But then much comes down to how much you need it to be published. In my case, I had the luxury of not depending on either of these projects for my daily bread. And revelling in this luxury, I decided that there was no point in just producing a 'product' for a 'market' -- plenty of other people were doing that. I was more interested in producing the book that I believed in. And to be honest, given the amount I've spent on Chinese stuff over the years, even if I published Outlaws next week and it was a big hit, I'd still probably never make a profit from it.

      Back in the day I thought the growing interest in China might make the game marketable. Nowadays I can't help feeling that it suffers a similar problem to any putative game based on Russian expansionism (as well as having the problem of 'cultural appropriation' to wrestle with: not something that can be dealt with in a racist way, by simply employing someone with a Chinese name!).

      Given the last paragraph of your comment, Dave, I have to register some alarm at the idea of the Outlaws system becoming the intellectual property of a team of Warhammer enthusiasts!

    3. Never fear, Paul. If Jamie and I hand Tetsubo over to a publisher I'm sure they would strip out the Outlaws mechanics. Or, if not, they'd have to negotiate a deal with you, but I assume their goal will be the Warhammer fans who want ninja, not kanja, and who want them to be sneaky rogues in black pyjamas. Still, I would count that as glass-half-full as I could then press on with the real passion project (Kwaidan) with Outlaws rules.

      Talking of cultural appropriation and related twittery, I just heard an interview with George Takei in which he said CBBC had hired him to play Elder Panda. Of course they'd cast an American with Japanese parents as a Chinese animal character!

    4. Didn't you know that Chinese animals were ethnically Japanese-American? And British animals are ethnically French-Patagonian.

      Actually I think there is something to the idea of cultural appropriation, but there is also a lot of related twittery. It's absurd to suggest that you can't do any creative work in a culture other than your own (so, for example, the BBC can't make a show called The Musketeers). And every culture interacts with and absorbs influences from others (there is a power dynamic here, but the influences nevertheless go both ways).

      For me, the red line is when what's happening is neither influence nor an attempt to represent another culture for a home audience, but steps into the realm of exploitation. This is when the culture being appropriated is also actively disrespected. To give an example, original Bushido was full of all kinds of nonsense about Japan, but all the same it was evident that they had plenty of respect (or even love) for the culture. On the other hand, D&D's Oriental Adventures supplement was, as the name rather suggests, pure orientalism: the presentation of 'exotica' with no interest in, or respect for, its context. One might suggest that a publisher who wanted a Japanese game that didn't simulate Japan 'right down to the Japanese people' was guilty of the same thing.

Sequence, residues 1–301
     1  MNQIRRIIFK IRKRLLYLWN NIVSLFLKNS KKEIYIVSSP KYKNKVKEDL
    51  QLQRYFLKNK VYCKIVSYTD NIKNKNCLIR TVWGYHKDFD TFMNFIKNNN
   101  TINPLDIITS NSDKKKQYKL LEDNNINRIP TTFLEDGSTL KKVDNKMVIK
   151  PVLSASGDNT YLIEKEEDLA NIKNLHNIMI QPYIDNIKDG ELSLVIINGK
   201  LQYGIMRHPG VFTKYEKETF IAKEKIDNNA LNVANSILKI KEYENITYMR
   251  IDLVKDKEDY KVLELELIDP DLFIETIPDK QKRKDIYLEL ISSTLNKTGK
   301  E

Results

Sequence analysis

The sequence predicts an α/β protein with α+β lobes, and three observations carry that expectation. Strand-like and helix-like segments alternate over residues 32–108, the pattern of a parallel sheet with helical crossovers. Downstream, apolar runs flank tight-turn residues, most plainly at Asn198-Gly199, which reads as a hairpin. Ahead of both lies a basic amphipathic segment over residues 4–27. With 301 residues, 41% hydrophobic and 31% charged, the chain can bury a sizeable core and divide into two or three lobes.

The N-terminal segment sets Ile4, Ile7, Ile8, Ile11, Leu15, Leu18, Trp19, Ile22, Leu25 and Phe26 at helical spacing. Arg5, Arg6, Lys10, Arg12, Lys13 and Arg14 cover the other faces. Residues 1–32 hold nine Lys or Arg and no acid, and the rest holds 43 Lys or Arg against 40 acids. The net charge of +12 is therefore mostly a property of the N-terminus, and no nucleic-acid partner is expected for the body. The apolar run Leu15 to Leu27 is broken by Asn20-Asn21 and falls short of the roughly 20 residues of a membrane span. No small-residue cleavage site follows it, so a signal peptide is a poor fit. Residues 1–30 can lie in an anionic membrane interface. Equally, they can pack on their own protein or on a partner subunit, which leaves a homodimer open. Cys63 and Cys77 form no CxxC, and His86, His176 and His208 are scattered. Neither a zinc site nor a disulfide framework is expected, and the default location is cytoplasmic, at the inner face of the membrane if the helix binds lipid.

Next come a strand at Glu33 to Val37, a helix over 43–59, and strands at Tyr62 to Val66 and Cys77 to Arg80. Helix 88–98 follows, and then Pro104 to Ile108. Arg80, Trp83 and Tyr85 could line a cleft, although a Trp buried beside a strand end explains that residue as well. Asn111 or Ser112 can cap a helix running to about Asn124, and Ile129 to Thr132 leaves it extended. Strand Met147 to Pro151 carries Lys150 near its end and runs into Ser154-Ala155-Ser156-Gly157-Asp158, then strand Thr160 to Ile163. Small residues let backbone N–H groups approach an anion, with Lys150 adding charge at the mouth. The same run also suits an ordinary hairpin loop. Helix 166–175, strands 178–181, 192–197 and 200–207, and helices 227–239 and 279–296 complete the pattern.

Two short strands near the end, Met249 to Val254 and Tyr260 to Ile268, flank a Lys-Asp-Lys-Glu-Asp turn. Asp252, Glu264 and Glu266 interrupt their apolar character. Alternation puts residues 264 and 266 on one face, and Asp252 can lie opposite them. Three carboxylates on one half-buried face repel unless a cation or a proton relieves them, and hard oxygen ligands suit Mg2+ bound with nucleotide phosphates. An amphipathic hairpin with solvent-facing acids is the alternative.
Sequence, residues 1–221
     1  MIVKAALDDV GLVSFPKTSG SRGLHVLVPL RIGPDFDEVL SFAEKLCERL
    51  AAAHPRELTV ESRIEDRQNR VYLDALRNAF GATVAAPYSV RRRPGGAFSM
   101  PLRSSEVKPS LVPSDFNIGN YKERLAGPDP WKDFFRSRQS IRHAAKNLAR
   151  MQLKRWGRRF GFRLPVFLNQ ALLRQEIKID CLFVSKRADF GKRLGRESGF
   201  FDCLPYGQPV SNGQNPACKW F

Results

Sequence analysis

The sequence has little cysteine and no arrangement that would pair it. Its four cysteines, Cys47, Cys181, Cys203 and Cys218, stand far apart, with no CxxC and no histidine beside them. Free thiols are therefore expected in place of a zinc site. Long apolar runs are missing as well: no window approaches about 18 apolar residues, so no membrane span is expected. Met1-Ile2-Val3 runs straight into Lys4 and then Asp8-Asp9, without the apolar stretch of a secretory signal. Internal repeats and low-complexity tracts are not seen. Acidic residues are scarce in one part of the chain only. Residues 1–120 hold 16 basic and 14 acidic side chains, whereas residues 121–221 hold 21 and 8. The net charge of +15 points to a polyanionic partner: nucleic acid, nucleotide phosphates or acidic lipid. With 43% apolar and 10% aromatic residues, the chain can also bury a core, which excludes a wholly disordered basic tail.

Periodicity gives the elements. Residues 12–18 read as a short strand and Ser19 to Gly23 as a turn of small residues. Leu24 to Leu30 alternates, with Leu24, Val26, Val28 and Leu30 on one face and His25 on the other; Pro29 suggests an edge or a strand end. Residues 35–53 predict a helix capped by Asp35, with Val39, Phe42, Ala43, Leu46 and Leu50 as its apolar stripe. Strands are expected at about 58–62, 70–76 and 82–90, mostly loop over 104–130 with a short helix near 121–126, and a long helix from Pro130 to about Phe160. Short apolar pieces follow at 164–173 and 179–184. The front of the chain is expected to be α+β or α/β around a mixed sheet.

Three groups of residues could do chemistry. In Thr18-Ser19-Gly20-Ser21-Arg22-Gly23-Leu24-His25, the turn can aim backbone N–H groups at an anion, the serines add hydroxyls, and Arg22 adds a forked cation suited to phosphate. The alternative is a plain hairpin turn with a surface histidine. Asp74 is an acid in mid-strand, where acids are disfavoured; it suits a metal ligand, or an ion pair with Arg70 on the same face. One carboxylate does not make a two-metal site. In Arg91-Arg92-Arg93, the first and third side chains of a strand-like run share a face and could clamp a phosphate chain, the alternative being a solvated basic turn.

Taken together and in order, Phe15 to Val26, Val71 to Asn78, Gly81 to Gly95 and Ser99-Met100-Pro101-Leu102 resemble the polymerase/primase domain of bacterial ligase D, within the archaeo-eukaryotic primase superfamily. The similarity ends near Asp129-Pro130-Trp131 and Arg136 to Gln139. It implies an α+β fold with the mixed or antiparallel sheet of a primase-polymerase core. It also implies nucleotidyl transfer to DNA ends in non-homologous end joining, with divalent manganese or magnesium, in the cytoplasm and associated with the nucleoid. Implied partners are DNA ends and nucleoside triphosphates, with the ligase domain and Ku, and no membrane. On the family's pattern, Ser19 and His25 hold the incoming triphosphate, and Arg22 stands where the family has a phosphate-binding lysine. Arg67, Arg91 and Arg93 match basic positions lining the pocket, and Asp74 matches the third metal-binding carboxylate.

The pajama-ninja approach could be defended in the 80s in the same way I've defended Bushido. But I think nowadays there's little excuse for it: wilful ignorance becomes more of a crime the easier it is to go out and correct.

      In which case, I'd say the thing to do with a Warhammer Tetsubo is to move it away from Japan. Make it as much about Japan as Warhammer is about medieval Germany, which is to say there's a patina of flavour, but no serious attempt at representing the culture. In this, at least it is honest. The problem is that you actually are interested in Japanese culture and its creative possibilities, and that presents something of an obstacle.

    5. I agree with you about not just using cultures as a grab-bag of vague notions to layer onto a D&D setting. Not that I'm worried it will offend Japanese of the 16th century or whatever (they're all dead) but because it's an offence to the intelligence of the players today.

      The BBC's approach is typical these days. They aren't interested in diversity in a cultural sense, they think diversity is all about genes. That's the thinking that would put a Canadian with Chinese grandparents in charge of the Tetsubo redesign. It's more racist than the cultural appropriation they purport to care about.

      A digression on this: back at the time of the first Gulf War, a Greenpeace spokesperson said that Europeans should not criticize Saddam because to do so was racist. (I assume she meant Europeans who aren't of Iraqi origin btw.) But failing to treat dictators like him or Kim Jong-Un the same as we'd regard, say, Hitler -- *that's* racist. Or at least it was before the world went potty.

      This discussion is particularly useful because it makes me realize that I don't know what Tetsubo enthusiasts (all ten of them) do want from the game, but it probably isn't the same kind of fantasy Japan I was interested in writing about. Kwaidan is not only dearer to my heart but has the advantage of coming with no expectations -- Warhammer players will never even hear about it. So there I can do what I want.